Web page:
Construction Start Ups Slip 7 Year Year Three Months Straddling Eu Referendum Vote Reveals Glen

New figures show that construction start-ups fell 7% year on year, and by more than a fifth when compared to the first quarter of 2016, in the three months preceding the EU referendum vote.

According to the most recent Glenigan Index, project starts fell 21% in the second quarter of the year, reflecting “the impact of the related political and economic uncertainty on investor nerves”

However, there was good news for residential starts, which increased by 3% in August despite being 15% lower than the previous three months.

Non-residential project starts were 13% lower year on year and 24% lower from March to May, while office project starts were half the level seen in the previous three months and 43% lower year on year.

Public sector non-residential areas were also down compared to the same three months last year, while civil engineering project starts dampened overall starts, which were down 34% year on year.

Regionally, the value of project starts was generally lower than it was a year ago. However, the South East and South West of England and Wales defied the trend, with underlying starts increasing over the previous year. Starts were also significantly higher in the north of the United Kingdom.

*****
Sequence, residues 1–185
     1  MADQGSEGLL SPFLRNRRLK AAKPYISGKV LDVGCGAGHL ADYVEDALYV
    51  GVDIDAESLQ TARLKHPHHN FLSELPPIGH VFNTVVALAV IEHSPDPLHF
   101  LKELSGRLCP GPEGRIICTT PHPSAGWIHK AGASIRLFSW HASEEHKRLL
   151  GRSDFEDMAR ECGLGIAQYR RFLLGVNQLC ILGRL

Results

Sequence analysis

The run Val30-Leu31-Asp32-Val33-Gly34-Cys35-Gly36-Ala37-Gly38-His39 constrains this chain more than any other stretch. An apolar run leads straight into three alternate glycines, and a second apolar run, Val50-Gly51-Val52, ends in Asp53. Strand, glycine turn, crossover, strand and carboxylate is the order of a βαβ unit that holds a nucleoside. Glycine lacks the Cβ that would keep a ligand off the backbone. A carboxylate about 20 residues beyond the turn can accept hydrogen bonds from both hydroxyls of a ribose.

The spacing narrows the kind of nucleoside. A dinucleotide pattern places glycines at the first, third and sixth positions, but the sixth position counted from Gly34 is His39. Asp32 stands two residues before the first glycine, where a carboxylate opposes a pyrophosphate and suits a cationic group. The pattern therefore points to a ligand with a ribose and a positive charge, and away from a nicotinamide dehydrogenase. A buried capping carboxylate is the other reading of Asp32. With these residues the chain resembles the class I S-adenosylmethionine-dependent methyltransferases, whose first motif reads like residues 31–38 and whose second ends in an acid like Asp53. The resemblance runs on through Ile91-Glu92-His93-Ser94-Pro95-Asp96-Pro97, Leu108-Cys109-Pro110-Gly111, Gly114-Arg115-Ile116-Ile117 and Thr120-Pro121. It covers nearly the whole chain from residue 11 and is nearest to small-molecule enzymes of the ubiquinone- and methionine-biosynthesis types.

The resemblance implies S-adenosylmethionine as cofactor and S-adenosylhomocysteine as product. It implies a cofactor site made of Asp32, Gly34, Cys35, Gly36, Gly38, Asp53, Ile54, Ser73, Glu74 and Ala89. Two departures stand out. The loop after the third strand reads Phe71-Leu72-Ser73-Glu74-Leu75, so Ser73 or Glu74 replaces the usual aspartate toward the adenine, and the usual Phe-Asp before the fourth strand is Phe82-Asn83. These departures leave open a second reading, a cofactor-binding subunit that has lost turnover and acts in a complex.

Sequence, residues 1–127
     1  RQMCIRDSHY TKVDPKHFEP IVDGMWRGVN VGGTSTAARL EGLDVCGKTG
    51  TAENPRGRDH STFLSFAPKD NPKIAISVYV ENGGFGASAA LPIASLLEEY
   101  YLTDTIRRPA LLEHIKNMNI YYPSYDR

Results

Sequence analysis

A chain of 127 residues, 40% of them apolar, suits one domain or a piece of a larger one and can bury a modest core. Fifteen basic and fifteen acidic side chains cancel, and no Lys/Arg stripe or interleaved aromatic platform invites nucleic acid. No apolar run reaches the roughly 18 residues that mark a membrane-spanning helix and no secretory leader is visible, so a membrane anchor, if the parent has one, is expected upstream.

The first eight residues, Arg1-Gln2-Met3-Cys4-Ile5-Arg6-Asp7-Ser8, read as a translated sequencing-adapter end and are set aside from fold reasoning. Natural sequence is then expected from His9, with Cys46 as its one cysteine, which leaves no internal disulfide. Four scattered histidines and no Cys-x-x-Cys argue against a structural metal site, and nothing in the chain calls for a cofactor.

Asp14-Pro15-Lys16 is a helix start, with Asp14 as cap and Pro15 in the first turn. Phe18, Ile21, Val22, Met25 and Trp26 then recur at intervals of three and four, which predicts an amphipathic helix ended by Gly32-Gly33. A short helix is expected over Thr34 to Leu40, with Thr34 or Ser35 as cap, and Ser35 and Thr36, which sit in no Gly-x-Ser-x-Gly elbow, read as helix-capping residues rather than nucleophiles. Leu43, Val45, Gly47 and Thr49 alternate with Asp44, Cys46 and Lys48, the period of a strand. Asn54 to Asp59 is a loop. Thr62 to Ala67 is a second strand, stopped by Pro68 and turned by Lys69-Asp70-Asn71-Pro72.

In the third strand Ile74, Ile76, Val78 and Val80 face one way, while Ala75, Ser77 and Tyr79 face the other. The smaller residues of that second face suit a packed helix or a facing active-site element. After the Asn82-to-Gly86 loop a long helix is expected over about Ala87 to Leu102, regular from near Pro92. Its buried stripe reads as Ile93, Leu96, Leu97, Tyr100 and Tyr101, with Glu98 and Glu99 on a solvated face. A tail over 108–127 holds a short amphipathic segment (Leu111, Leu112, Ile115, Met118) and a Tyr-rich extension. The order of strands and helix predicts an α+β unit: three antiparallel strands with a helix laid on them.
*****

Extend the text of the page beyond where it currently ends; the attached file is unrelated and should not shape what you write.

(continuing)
Glenigan’s economics director, Allan WilĂ©n, stated, “The 7% decline in project starts reflects, in part, the impact of related political and economic uncertainty on investor nerves.”

“Non-residential project starts were especially weak, owing to fewer office, hotel & leisure, and industrial projects breaking ground.” This, along with a drop in civil engineering projects, contributed to the index’s overall decline in comparison to both the previous three months and a year ago.

“Despite a 15% decline in the three months to May, residential project starts were 3% higher than a year ago.” Private residential starts remained unchanged from the previous year, while social housing starts increased 10%.

“Despite a recent slowing in project starts, the potential development pipeline remains solid.” The value of projects that received detailed planning approval during the first eight months of 2016 increased by 3% over the same period last year.

“However, the fastest growth in approvals has been in sectors where project starts have been most impacted by referendum uncertainty, such as private housing, industrial and commercial developments. Investors will be watching the economic environment closely in the coming months to see if there are any implications for planned projects.

“This is likely to stymie the progress of some projects to work on site, and we anticipate a general slowdown in project starts during the second half of 2016.

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Last Updated on December 29, 2021


Author: Indra Gupta

Indra is an in-house writer with a love of Newcastle United and all things sustainable.

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